There is a general expectation that the change in the imperial Household ministry is only the forerunner of more extensive changes, possibly the fall of the cabinet after the fall of Okinawa. One indication of the crisis: Vargas has an appointment today with the war minister. It was put off from hour to hour and finally called off entirely because the general was kept unexpectedly long at some conference or other, either a war council or a cabinet meeting.
The minister of the imperial household, Marquis Tsuneo Matsudaira, resigned after more than nine years in office yesterday “assuming responsibility for the burning of the imperial palace and the Omiya palace.” His successor was a surprise, Sotaro Ishiwata, former finance minister, who has had “little or nothing to do with the affairs of the Imperial Household,” according to the Asahi.
It is said that Ishiwata was chosen because, not being a peer himself, he can be expected to fulfill with more impartiality and less embarrassment one of the minister’s chief duties, which is to discipline the nobility. The minister is in and yet above the cabinet; he does not fall with the different governments and exercises a great deal of unofficial and unconstitutional influence in their formation as one of the emperor’s closest advisers.
Roaming in the second-hand bookshops still in Kanda I found in nearly everyone a shelf of dictionaries: Nippongo-Burmese, Nippongo-Thai, Nippongo-Tagalog, Nippongo-Malay. Nobody was buying these fading souvenirs of the Co-Prosperity Sphere.
About 400 B-29’s carried out another concentrated daylight raid yesterday, this time on Osaka, and the Times feels compelled this morning to write: “The enemy’s terror raids upon the major cities of Japan have recently reached a new height of intensity and it cannot be denied that the damage which they have caused is shockingly great…. There is no longer any need to give heed to the enemy’s claim that he is trying to hit at Japan’s military or industrial power…. The deliberate strewing of fire bombs over wide areas of the distinctly residential and commercial districts of major cities cannot be regarded as anything but an attempt to break civilian morale through sheer terrorization…. But in this objective the enemy failed decisively.”
Recalling that the Japanese had shown their true mettle after the 1923 earthquake, the Times proceeds: “Today the destruction is even greater than at the time of the Great Earthquake, to be sure. Today the destruction is not confined to one blow but continuous to mount in extent. Today, with the battle at the front absorbing the major energy the nation, there is only limited possibility of succor and aid from non-evacuated regions. But the [illegible] served to call [illegible] compensating magnitude of determined effort.”
But when the Times goes on to give “widespread evidence” of this effort it slips into wishful thinking. One may grant the Japanese “a poise and stability of heroic stature” but no one who is in Japan today can believe that “transportation and communications facilities are being restored after each raid with unbelievable rapidity” or that “rations are distributed under unusual conditions with ingenuity and dispatch”.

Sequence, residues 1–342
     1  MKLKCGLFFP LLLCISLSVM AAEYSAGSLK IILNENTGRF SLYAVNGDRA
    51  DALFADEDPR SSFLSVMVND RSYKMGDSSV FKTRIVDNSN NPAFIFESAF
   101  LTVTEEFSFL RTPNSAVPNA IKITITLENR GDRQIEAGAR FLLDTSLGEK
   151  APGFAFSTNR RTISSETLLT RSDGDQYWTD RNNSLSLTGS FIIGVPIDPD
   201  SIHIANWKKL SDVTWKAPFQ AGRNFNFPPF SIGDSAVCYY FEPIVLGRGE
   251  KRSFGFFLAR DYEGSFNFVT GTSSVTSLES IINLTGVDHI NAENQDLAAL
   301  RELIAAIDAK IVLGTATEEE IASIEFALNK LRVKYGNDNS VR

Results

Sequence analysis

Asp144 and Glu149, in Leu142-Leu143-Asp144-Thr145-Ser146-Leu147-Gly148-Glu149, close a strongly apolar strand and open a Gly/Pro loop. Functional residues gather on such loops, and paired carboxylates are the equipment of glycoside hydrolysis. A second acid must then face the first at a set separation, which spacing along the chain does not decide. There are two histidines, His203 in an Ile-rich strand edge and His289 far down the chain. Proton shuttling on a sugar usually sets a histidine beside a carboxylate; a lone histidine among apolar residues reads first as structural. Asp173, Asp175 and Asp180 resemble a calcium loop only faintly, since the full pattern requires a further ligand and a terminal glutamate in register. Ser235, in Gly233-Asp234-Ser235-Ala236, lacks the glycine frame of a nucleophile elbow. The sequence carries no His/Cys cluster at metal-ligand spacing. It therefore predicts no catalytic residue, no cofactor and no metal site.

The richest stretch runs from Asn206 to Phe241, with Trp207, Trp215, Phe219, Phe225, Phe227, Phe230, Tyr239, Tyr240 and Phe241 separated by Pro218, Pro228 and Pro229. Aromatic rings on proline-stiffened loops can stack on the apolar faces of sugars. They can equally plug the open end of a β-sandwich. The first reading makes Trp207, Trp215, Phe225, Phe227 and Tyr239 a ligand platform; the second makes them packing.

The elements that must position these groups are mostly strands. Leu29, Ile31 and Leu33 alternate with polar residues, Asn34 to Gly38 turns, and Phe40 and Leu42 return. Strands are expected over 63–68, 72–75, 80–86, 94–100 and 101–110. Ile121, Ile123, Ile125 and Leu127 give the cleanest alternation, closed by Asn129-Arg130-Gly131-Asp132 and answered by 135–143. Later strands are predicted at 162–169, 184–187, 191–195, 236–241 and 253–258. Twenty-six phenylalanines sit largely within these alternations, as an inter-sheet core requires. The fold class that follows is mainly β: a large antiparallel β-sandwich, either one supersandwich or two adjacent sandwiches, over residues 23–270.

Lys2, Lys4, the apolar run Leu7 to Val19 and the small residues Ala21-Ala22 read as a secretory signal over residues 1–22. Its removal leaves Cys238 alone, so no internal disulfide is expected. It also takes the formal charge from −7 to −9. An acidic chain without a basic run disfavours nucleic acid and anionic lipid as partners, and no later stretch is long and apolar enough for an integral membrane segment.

The truth is that the untold hoard of loyalty and patience accumulated by the Japanese in centuries of seclusion is being wasted by their rulers with cruel and criminal prodigality. Harried and hunted from their burning homes, starved, robbed, deceived, despised, driven like cattle from barracks to factory, from stinking sidewalk cave to a beggar’s hovel in thorny hills, their “unconquerable fortitude” is a tribute not so much to a “defiant, triumphant, and even buoyant patriotism” as to the naked human will to survive.
The authorities are going [illegible] about the effect of the propaganda pamphlets dropped on Tokyo and Yokahama. “The contents of the leaflets,” cries the Asahi today, “are of such a fantastic nature that anyone who reads them is provoked to laughter. But someone off his guard may play into the hands of the enemy. We should therefore believe in the sure victory of the imperial land and block the plot of the enemy.”
The commonest pamphlets, reports the vernacular, is a “letter from the American president, Harry S. Truman.” It gives a timetable of broadcasts from the south as well as the wave-lengths used. The pamphlet, with “reasons of a twisted nature, attempts to make the Japanese people tired of the war and to estrange them from the military.”
Other pamphlets, according to popular rumor, are reproductions of 10-yen bills with the legend: “You can buy only such-and-such a quantity of rice with this amount.” Or else they contrast the ordinary civilian ration of rice with the army ration.
The rice angle is one of the most effective that the Americans could have used. The life of the ordinary Japanese after a heavy raid is not one calculated to attract gourmands. In one neighborhood association the ration issued was five rice balls (the size of golf-balls) for three persons for two days. In another, two small onions were issued per family for two weeks. In the same association an allotment of two cigarettes was made for 40 persons; they had to be raffled off. Others have been luckier; they received special consolation rations of rice. The general rule however is bad organization worsened by the “squeeze” system. It is now almost impossible to draw the emergency rations of shoyu without slipping the distributor a bribe.